‘The View’ Asks Scalise Why He Opposes Gun Control Even After He Was Shot — His Response Is on Point
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‘The View’ Asks Scalise Why He Opposes Gun Control Even After He Was Shot — His Response Is on Point

“The View” hosts kept their cool as they interviewed House Majority Whip Steve Scalise about his firm stance against gun control, despite being shot during the Republican congressional baseball practice in 2017.

Co-host Whoopi Goldberg claimed she’s “surprised” Scalise doesn’t want to crack down on gun control, even after being shot.

He described his views as “deep-rooted conservative beliefs, but they’re rooted in what the fundamental foundation of this country is based on.”

Scalise explained that the Founding Fathers didn’t initially write in the Constitution a protection for guns “because our founders thought it was an assumed right,” adding that it was then added in the Bill of Rights as the Second Amendment.

“Every American has the right to defend themselves.”

“Our founding fathers, what they really talked about, was that people had the right to defend themselves,” Scalise said, adding that the Supreme Court settled the debate if one can only own a gun in the “militia” with a 5-4 decision that people can individually own guns to protect themselves.

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Scalise shared heartwarming prayer and “miracles” on the field.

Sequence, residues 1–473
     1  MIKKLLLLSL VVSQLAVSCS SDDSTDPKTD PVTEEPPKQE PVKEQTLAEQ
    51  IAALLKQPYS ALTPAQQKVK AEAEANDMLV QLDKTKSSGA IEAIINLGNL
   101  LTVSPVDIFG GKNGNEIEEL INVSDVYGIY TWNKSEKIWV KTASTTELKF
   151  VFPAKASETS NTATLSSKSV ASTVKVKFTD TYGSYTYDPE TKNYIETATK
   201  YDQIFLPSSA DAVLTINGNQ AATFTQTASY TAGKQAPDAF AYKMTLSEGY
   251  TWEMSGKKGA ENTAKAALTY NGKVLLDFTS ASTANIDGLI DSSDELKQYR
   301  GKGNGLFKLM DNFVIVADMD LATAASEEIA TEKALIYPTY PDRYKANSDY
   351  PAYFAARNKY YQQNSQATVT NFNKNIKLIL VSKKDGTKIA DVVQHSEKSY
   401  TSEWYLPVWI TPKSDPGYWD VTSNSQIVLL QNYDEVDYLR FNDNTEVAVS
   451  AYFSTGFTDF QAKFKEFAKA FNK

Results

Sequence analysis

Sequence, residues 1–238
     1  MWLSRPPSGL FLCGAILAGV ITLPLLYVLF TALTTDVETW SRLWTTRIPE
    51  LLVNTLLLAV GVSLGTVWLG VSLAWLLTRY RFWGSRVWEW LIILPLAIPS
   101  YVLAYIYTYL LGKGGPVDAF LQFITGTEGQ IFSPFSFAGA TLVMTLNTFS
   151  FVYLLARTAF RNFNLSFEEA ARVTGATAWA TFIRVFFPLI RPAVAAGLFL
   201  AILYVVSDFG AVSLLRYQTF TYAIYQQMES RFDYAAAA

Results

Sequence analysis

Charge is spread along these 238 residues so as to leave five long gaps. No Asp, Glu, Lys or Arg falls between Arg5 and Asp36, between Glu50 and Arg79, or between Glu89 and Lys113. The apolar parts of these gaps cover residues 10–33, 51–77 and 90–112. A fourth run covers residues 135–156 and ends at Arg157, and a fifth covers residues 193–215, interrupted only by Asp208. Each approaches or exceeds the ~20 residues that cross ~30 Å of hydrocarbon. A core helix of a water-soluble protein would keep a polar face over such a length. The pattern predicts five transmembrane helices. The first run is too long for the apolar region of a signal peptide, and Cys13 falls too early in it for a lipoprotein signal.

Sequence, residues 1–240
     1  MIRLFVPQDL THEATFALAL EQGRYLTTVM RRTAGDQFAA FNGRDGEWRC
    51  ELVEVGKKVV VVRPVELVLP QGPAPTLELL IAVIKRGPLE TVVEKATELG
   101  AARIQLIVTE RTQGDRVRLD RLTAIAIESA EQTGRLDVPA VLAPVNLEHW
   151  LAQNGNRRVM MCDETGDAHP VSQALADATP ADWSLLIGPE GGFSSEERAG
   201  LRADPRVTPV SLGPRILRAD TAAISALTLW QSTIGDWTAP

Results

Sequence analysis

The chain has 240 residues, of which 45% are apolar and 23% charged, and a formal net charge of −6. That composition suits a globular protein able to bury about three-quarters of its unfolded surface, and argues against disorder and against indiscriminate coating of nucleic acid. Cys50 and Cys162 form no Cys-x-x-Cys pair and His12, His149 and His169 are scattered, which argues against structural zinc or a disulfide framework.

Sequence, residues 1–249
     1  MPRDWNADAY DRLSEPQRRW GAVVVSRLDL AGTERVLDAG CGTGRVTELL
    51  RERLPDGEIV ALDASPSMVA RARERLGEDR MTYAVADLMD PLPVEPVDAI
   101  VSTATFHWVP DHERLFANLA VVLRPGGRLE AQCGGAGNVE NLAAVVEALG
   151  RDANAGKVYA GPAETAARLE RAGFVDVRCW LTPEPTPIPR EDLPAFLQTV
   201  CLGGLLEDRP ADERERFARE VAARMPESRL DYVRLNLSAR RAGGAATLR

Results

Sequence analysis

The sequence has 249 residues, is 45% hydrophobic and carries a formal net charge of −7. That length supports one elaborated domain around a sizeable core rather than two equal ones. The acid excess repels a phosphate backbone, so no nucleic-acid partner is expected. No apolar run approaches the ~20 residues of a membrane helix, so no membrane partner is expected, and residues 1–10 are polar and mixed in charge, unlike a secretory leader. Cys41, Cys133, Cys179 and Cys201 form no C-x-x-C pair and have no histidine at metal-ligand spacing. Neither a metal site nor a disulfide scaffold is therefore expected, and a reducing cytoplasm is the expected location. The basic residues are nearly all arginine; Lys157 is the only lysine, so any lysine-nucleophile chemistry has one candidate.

During the discussion, Scalise opened up about what ran through his mind when he was faced with the shooting incident in 2017:

“At that point, I just started to pray … I put it in God’s hands and I prayed. The first thing that came to mind, I’ve got a daughter, she was 10-years-old at the time. I said, ‘God, please don’t let Madison have to walk down the aisle alone.”

Scalise went on to say he felt an “incredible calm come over me” within that moment.

“There were so many miracles on that field.”

He shared that another one of the “miracles” on the field was when the gunman shot at U.S. Rep. Trent Kelly’s head, who was at third base, and the bullet hit a chain in the fence and veered just passed Kelly’s head.

Another miracle Scalise shared was how U.S. Rep. Brad Wenstrup (Ohio-02) had a canceled meeting, so he went to the batting cage and when the shooting started, he watched for a movement from Scalise. When he went to help, he saw the bullet wound — which Wenstrup had seen in combat when the soldier died — and did what was necessary to stop the bleeding.

“He put on a tourniquet,” Scalise explained. “My trauma surgeon told me if that tourniquet wasn’t applied just perfectly like Brad put it on, I would of never even made it to the hospital.”

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In recovery, Scalise shared that even with the news of nerve damage in his left leg, he was thankful for his life and his family. He added that there were many different people who surrounded him and gave him strength.

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Scalise has reiterated his point that being shot at the baseball practice has only “fortified” his views against gun control.

“In this tragic moment, I encourage people across America to stand together in solidarity,” Scalise said in a previous statement in the aftermath of the Las Vegas shooting, The Hill reported. “… In the face of unspeakable evil, our whole nation must respond with countless acts of kindness, warmth and generosity.”

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